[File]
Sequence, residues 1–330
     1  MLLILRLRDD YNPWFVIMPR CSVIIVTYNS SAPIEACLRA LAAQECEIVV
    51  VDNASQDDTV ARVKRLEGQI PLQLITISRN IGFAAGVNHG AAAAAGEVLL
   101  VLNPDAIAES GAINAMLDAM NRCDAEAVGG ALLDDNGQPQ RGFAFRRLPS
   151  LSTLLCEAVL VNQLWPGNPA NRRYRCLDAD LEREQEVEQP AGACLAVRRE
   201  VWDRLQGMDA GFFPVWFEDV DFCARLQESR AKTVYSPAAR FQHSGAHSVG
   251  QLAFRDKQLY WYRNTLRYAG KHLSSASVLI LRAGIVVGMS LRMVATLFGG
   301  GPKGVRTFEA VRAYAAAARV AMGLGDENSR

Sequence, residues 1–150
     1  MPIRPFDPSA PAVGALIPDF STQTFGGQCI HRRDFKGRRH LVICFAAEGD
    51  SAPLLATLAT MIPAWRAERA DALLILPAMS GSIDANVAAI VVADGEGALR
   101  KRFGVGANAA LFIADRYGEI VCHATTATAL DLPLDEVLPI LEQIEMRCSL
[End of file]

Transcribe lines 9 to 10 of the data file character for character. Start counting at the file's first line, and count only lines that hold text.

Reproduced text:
Sequence, residues 1–150
     1  MPIRPFDPSA PAVGALIPDF STQTFGGQCI HRRDFKGRRH LVICFAAEGD